By all accounts, “The Fault In Our Stars” does the book justice, bringing the heartbreaking romance between Gus and Hazel to life in all its imperfect glory. As Hazel, Woodley is sweet, gentle, smart and funny. She’s already shined in the YA adaptations “Divergent” and “The Spectacular Now,” not to mention held her own with George Clooney in “The Descendants.” Even better, she’s very grounded in interviews, and at 22, seems destined to avoid the dreaded fame-money-success trap that’s ensnared so many young starlets.
Elgort, who played Woodley’s brother in “Divergent,” is at times sensitive, sexy, smart and yes, heartbreaking, as Gus. Though dealing with his own health issues, he refuses to let his life be defined by cancer. Elgort somehow manages to pull off this tough role with nary a false note anywhere. These two are terrific together, and I love the playful way director Josh Boone integrates Gus and Hazel’s texts to each other.
The supporting cast also deliver fine performances: Wolff as Gus’ best friend; Dern and Trammell as Hazel’s loving, supportive parents; and Dafoe as the world-weary author who’s disappeared into a bottle.
The movie doesn’t shy away from the inevitable harshness of life with cancer and never lets us forget that it’s possible to fall madly, deeply in love, even when that person you love is dying. As Hazel’s favorite book notes, “Pain demands to be felt,” and you will feel pain while watching “The Fault In Our Stars.” I guess that’s not a bad message to offer both kids and grownups. That you can feel pain and somehow find a way to live with it. That somehow, it’ll be okay.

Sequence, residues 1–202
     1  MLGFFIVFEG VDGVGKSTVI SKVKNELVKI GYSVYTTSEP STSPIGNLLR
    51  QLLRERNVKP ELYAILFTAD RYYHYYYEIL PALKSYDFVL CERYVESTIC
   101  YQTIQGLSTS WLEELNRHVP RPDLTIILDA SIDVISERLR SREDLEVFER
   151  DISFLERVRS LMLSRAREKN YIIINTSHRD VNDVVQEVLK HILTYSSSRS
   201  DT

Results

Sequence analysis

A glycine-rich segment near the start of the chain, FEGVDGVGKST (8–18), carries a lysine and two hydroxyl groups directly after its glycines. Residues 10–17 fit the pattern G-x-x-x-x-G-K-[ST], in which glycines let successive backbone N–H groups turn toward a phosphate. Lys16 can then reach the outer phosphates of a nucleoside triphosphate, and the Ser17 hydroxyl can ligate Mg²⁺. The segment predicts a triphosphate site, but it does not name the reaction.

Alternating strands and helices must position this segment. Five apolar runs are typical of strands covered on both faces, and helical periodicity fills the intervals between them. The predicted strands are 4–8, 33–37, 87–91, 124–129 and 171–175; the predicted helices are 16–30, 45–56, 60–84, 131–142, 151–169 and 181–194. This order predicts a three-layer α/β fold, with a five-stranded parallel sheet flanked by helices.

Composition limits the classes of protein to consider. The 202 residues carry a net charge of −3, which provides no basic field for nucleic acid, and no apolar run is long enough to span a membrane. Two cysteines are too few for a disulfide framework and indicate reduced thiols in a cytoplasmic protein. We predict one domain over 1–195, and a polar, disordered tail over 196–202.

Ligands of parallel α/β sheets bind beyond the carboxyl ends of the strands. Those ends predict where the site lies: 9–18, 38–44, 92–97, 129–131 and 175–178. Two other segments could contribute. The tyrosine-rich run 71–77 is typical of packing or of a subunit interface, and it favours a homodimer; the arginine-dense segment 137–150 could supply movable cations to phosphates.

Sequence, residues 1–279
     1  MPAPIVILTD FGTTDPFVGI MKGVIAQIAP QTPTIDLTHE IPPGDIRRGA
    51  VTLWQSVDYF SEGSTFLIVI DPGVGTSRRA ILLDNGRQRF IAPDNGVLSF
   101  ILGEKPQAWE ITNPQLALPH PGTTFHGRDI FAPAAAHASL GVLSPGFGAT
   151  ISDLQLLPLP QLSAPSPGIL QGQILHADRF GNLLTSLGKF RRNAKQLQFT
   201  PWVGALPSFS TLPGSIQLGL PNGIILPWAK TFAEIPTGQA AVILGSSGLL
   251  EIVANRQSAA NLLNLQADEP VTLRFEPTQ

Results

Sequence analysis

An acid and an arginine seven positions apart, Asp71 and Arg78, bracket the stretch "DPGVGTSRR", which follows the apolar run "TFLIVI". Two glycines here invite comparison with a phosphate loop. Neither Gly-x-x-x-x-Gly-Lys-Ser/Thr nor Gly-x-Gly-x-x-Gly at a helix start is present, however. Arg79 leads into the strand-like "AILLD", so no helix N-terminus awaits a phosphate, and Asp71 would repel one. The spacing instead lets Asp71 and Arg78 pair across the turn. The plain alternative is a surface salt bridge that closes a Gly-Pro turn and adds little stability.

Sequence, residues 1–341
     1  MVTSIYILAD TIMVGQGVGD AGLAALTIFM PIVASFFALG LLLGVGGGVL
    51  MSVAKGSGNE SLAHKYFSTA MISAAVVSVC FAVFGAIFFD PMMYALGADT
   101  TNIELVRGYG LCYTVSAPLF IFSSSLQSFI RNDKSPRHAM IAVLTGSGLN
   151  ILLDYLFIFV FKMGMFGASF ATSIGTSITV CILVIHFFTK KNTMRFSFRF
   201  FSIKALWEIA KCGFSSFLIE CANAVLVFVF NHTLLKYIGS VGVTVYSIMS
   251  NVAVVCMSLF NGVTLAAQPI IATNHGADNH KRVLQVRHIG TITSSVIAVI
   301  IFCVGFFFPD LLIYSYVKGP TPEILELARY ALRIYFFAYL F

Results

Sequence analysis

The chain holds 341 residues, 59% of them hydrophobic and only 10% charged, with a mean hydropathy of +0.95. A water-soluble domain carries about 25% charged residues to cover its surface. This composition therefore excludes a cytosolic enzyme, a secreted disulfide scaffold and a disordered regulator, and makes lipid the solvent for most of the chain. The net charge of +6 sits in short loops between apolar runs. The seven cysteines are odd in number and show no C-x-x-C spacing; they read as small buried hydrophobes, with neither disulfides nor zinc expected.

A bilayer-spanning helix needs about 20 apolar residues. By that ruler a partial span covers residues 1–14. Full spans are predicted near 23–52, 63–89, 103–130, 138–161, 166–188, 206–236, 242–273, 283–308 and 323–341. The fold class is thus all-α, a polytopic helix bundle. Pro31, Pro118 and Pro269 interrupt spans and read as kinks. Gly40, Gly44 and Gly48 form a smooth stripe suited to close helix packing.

Sex/Nudity: A few passionate kisses. One love scene, more emotional than physical, takes place between two teens who are both virgins. The girl takes her top off, and we can see her back and the boy’s chest. They’re shown in bed together afterwards.
Violence/Gore: Teenagers throw eggs at another character’s house and car. A character’s death leaves other characters (and the audience) devastated.
Profanity: One “f–k” and a few uses of “s–tty,” “a–hole,” “douchepants,” and “goddamn.”
Drugs/Alcohol: Gus has a habit of putting an unlit cigarette in his mouth (because “you don’t give it power unless you light it”), and carries a cigarette pack around with him. Teens share champagne together twice, once at a fancy restaurant. Peter Van Houten is a drunk who always has a drink or flask in his hand. Hazel teases her parents that she should be allowed to be a regular teen with a fake ID so she can drink and “take” pot.
Which Kids Will Like It? Kids 13 and older who like romantic dramas or have read the book by John Green.
Will Parents Like It? “The Fault In Our Stars” may be geared for teens, but it’s also a great film for grownups.
JANE’S REEL RATING SYSTEM:
One Reel – Even the Force can’t save it.
Two Reels – Coulda been a contender
Three Reels – Something to talk about.
Four Reels – You want the truth? Great flick!
Five Reels – Wow! The stuff dreams are made of.